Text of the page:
Zinke: ‘I had absolutely nothing to do with’ Whitefish contract
Interior Secretary Ryan Zinke forcefully denied that he had any involvement with Whitefish Energy Holdings’s utility repair contract in Puerto Rico and lambasted accusations to the contrary.
“I had absolutely nothing to do with Whitefish Energy receiving a contract in Puerto Rico. Any attempts by the dishonest media or political operatives to tie me to awarding or influencing any contract involving Whitefish are completely baseless,” Zinke said in the Friday afternoon statement.
“Only in elitist Washington, D.C., would being from a small town be considered a crime.”
Zinke has been ensnared in the ongoing controversy over how Whitefish landed a $300 million contract to repair Puerto Rico’s electric grid after Hurricane Maria. The company had two employees and little experience in utility work before Maria, but still got the no-bid contract.
Zinke and Whitefish CEO Andy Techmanski are both from Whitefish, Mont., a town of around 6,000. His office told The Washington Post earlier this week that the two know each other, but only because “everybody knows everybody.”
In addition, Zinke’s son briefly worked for Whitefish on a project during one summer.
“Neither myself nor anyone in my office has advocated for this company in any way,” Zinke said in the Friday statement.
He acknowledged that the company reached out to him after it obtained the contract, but he took no action on the matter. NBC Montana reported earlier this month that Whitefish sought help from Zinke in getting personnel to Puerto Rico.
Zinke’s statement came after White House press secretary Sarah Huckabee Sanders said the Whitefish topic came up at an Oval Office meeting between him and President Trump.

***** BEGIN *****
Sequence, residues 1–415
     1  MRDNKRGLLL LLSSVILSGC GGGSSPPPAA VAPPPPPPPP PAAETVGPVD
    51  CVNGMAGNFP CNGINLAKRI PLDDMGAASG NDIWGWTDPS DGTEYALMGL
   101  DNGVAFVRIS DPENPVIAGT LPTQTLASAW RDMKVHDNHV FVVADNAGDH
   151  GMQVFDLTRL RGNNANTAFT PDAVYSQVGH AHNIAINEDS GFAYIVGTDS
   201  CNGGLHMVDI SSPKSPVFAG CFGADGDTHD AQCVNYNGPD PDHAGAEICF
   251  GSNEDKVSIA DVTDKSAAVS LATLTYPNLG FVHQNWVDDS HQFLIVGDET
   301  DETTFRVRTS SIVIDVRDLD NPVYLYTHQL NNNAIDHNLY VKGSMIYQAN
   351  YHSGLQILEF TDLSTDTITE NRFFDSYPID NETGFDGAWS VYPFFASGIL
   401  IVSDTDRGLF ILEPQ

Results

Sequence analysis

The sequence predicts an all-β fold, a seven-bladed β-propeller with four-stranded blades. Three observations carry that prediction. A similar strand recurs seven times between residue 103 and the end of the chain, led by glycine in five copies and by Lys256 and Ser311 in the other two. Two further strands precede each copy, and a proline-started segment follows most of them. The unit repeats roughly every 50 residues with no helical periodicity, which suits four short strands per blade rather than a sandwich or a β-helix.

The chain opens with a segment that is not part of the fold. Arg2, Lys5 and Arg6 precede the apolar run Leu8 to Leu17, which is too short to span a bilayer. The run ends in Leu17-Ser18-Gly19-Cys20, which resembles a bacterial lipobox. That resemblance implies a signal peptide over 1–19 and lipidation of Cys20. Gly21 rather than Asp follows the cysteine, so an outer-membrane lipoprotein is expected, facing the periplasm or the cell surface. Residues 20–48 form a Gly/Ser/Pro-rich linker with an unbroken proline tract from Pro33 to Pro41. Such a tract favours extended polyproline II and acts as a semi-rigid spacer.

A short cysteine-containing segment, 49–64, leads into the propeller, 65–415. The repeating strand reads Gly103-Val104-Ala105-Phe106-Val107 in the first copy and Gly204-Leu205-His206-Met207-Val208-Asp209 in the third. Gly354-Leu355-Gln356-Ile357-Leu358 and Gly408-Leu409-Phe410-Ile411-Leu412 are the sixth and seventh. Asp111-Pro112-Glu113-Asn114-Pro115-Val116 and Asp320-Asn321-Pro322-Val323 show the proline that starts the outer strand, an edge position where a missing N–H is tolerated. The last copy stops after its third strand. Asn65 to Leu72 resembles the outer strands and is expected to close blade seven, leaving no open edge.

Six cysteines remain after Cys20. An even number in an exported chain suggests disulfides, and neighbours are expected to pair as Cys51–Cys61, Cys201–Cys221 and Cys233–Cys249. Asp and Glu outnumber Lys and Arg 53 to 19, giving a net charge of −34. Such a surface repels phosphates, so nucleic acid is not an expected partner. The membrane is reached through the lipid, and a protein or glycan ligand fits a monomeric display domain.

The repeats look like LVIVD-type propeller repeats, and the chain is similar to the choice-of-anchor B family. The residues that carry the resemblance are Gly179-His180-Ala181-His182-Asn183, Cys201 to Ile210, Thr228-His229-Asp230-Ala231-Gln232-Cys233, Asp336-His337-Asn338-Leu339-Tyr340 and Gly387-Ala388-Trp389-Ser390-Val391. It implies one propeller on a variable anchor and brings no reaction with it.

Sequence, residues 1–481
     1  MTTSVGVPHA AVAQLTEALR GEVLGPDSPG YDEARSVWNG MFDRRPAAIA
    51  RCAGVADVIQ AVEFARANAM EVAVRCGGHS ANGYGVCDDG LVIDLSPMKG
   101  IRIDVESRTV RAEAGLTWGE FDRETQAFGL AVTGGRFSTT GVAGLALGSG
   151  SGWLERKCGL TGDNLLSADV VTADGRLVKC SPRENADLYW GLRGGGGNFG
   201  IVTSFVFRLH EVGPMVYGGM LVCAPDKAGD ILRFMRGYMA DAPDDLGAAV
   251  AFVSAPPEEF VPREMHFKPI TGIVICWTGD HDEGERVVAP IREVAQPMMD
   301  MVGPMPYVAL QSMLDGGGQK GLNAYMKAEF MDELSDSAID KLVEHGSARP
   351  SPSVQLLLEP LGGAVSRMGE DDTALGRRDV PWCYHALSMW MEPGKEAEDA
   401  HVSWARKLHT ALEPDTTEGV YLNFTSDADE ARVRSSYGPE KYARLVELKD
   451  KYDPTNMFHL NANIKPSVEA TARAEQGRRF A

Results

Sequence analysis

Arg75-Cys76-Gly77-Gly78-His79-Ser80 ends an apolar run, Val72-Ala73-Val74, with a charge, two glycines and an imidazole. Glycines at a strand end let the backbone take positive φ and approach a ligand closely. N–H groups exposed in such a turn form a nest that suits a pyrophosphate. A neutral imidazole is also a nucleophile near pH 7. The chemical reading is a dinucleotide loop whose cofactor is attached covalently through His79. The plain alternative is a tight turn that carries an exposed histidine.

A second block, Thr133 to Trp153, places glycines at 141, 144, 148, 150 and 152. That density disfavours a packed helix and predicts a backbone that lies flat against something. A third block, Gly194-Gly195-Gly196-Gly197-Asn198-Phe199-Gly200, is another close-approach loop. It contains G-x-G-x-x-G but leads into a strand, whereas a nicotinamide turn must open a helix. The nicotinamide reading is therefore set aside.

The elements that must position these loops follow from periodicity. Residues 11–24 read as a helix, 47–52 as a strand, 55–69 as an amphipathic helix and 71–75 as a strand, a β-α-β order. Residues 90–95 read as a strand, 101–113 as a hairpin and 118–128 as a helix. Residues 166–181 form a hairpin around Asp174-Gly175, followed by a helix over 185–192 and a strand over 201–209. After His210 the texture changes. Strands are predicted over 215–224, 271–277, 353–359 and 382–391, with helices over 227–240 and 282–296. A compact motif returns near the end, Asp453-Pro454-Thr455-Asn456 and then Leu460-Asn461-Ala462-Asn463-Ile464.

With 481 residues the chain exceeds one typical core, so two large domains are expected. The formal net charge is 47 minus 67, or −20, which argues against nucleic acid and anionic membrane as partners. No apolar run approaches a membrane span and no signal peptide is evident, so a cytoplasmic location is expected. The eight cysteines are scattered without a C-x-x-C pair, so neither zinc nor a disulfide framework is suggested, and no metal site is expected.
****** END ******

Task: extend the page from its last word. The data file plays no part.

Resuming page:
“He did ask Secretary Zinke, for clarification purposes, and [Zinke] reiterated once again that … the federal government, and specifically, he, had no role in that contract,” Sanders said.
Nonetheless, Democrats and environmentalists have latched onto Zinke’s potential role in the controversy.
The Sierra Club, which has previously called for Zinke to resign, has dubbed the controversy “Whitefishgate,” a reference to former President Nixon’s Watergate scandal.
“The Trump administration’s failure to answer questions today further proves that they want everyone to look the other way at this shady contract precisely because the Whitefish contract appears to be the latest example of Trump and Ryan Zinke pulling strings to enrich their friends,” Sierra Club Executive Director Michael Brune said in a statement after Sanders’s news conference.
“They’ve proven they cannot be trusted to play by the rules, so a full investigation must determine who pushed for this tiny utility with close ties to Trump and Zinke to get this lucrative contract. Meanwhile, this contract should be immediately cancelled so someone capable of turning on the lights for families in Puerto Rico can get to work.”
Congressional Democrats have repeatedly called for the Interior Department’s Office of Inspector General to probe whether Zinke played any role in the matter, and the office said it is examining the request.
In Zinke’s Friday statement, he said he’d welcome such a probe.
“I welcome any and all investigations into these allegations, and encourage the Interior Department’s Inspector General to investigate this matter fully.”
The Hill has removed its comment section, as there are many other forums for readers to participate in the conversation. We invite you to join the discussion on Facebook and Twitter.